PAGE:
Methionine, as well as other amino acids, are also used for the synthesis of glucosinolates, a large class of sulfur-containing metabolites with recognized antioxidant and anticancer properties. Lächler et al. investigated the function of isopropylmalate isomerase, an enzyme essential for leucine synthesis and possibly involved in methionine chain elongation. The active enzyme is a heterodimer composed of a large subunit and one among three possible small subunits. In Arabidopsis, the large protein is encoded by a single gene, while three different genes encode the small subunit. By studying the substrate specificity and the expression patterns of the subunits, the authors found that the large subunit is involved in both leucine and glucosinolate metabolism, and the small subunits appear specific for each pathway. In particular, the small subunit 1 is involved in leucine biosynthesis and the small subunits 2 and 3 function in methionine-derived glucosinolate synthesis.
Besides their role as nutraceutical molecules, many non-proteinogenic amino acids are involved in the plant responses to environmental stresses, as confirmed by Song et al. for citrulline, an intermediate in the synthesis of arginine from ornithine. By transcriptomic and metabolomic analysis, the authors demonstrated that the rapid accumulation of citrulline and related metabolites in watermelon subjected to water stress is mediated by the synchronized activation of biosynthesis and suppression of catabolism. Additionally, they found that the nitrogen status of the plant regulates citrulline synthesis.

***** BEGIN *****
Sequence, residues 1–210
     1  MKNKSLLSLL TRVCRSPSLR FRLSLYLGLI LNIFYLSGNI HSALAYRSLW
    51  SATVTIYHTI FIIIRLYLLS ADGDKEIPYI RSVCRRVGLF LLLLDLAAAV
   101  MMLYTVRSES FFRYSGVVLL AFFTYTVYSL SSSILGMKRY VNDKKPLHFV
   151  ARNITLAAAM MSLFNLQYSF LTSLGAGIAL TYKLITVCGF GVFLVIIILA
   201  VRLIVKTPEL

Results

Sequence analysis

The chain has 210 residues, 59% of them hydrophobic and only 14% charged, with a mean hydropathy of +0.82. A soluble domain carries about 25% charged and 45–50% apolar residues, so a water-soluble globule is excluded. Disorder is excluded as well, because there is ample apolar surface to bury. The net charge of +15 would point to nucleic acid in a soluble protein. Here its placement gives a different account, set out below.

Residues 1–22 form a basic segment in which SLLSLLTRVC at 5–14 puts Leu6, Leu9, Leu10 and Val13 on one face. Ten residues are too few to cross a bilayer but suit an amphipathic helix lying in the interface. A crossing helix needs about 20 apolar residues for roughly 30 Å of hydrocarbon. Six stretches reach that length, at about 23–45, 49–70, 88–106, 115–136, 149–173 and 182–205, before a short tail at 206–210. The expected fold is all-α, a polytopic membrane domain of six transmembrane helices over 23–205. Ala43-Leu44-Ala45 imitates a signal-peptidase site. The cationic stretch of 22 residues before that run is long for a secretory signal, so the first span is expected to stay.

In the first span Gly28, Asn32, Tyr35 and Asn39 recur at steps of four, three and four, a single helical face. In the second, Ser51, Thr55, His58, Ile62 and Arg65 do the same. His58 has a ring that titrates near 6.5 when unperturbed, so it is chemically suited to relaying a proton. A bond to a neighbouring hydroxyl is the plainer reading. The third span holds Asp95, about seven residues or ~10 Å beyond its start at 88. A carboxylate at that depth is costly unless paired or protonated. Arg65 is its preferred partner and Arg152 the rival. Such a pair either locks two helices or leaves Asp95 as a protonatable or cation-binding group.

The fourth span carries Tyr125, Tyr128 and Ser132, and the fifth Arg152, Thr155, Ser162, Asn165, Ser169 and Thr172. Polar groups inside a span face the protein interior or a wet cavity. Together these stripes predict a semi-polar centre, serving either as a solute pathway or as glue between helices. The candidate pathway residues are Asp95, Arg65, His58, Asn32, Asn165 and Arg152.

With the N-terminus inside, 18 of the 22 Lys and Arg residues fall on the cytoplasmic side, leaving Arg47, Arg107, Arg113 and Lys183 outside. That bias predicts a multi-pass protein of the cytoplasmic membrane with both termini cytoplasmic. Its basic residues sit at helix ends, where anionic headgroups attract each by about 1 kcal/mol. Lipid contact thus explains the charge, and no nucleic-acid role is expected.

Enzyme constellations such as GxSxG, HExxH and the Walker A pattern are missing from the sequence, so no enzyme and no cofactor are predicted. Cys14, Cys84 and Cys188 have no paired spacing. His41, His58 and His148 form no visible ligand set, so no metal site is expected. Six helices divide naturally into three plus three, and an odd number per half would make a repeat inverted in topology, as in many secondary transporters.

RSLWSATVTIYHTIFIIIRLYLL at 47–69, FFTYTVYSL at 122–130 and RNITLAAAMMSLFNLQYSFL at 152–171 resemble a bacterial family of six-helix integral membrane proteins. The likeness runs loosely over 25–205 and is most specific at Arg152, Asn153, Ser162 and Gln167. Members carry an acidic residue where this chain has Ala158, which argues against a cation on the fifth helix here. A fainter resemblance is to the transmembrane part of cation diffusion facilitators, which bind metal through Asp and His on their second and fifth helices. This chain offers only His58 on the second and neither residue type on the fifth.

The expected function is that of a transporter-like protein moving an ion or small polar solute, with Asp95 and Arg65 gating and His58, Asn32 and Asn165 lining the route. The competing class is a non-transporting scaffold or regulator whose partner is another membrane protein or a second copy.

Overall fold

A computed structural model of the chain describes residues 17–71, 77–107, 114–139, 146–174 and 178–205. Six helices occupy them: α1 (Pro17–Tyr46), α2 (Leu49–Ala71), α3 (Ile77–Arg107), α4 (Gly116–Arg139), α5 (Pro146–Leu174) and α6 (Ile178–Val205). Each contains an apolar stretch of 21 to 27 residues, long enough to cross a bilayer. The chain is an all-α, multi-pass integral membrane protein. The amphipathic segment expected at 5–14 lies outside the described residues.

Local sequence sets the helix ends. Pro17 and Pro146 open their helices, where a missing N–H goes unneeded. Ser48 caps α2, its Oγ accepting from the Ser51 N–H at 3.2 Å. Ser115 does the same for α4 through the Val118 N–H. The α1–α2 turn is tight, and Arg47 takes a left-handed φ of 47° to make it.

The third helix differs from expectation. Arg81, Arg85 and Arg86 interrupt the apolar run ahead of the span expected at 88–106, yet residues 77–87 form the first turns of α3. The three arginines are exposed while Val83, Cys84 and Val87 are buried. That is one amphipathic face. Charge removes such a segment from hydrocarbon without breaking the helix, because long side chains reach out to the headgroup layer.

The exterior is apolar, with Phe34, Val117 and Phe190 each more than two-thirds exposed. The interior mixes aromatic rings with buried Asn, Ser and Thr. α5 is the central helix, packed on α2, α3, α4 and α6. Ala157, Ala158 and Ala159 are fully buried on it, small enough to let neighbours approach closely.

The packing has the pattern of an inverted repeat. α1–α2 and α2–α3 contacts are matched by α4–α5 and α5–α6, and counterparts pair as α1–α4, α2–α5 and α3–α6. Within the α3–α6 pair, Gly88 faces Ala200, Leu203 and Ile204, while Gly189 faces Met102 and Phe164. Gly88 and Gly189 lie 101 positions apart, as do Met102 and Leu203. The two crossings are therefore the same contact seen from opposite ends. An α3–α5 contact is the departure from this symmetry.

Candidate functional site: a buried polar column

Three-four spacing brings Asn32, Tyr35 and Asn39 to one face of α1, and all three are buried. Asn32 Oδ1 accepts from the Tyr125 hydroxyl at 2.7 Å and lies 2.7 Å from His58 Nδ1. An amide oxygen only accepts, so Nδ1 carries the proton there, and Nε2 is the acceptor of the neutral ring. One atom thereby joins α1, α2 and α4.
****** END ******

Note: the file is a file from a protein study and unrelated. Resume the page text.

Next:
Polyamines in plants are generated either from arginine or ornithine. In the former route, arginine is decarboxylated to agmatine by arginine decarboxylase and then converted into putrescine by agmatine iminohydrolase and N-carbamoylputrescine amidohydrolase. In the latter route, arginine is hydrolyzed to ornithine by arginase and then decarboxylated by ornithine decarboxylase to putrescine. It was recently shown, however, that arginases from Arabidopsis and soybean can act also as agmatinases, providing a third route for putrescine synthesis (Patel et al., 2017). To shed light on the mechanism of this reaction, Sekula analyzed, by X-ray and small-angle X-ray scattering, the crystal structures of two arginases from Arabidopsis thaliana and Medicago truncatula and proposed a model to explain the dual binding properties of plant arginases.